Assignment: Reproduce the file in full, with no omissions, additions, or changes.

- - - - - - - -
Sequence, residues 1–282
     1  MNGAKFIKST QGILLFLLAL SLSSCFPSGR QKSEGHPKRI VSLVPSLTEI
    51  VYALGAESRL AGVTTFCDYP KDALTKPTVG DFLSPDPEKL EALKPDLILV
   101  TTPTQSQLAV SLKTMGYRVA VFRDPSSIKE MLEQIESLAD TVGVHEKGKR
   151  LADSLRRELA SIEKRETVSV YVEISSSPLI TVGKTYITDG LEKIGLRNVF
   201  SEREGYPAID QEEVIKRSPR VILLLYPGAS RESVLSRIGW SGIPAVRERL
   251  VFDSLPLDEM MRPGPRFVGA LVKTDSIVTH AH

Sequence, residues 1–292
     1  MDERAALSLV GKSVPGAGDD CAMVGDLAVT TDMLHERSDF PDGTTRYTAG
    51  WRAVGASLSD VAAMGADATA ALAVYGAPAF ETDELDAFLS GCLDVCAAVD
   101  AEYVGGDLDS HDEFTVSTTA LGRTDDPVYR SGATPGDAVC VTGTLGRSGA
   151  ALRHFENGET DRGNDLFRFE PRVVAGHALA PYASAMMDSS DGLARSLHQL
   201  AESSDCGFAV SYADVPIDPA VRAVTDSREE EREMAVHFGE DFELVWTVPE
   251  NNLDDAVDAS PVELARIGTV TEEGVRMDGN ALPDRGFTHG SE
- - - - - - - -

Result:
Sequence, residues 1–282
     1  MNGAKFIKST QGILLFLLAL SLSSCFPSGR QKSEGHPKRI VSLVPSLTEI
    51  VYALGAESRL AGVTTFCDYP KDALTKPTVG DFLSPDPEKL EALKPDLILV
   101  TTPTQSQLAV SLKTMGYRVA VFRDPSSIKE MLEQIESLAD TVGVHEKGKR
   151  LADSLRRELA SIEKRETVSV YVEISSSPLI TVGKTYITDG LEKIGLRNVF
   201  SEREGYPAID QEEVIKRSPR VILLLYPGAS RESVLSRIGW SGIPAVRERL
   251  VFDSLPLDEM MRPGPRFVGA LVKTDSIVTH AH

Sequence, residues 1–292
     1  MDERAALSLV GKSVPGAGDD CAMVGDLAVT TDMLHERSDF PDGTTRYTAG
    51  WRAVGASLSD VAAMGADATA ALAVYGAPAF ETDELDAFLS GCLDVCAAVD
   101  AEYVGGDLDS HDEFTVSTTA LGRTDDPVYR SGATPGDAVC VTGTLGRSGA
   151  ALRHFENGET DRGNDLFRFE PRVVAGHALA PYASAMMDSS DGLARSLHQL
   201  AESSDCGFAV SYADVPIDPA VRAVTDSREE EREMAVHFGE DFELVWTVPE
   251  NNLDDAVDAS PVELARIGTV TEEGVRMDGN ALPDRGFTHG SE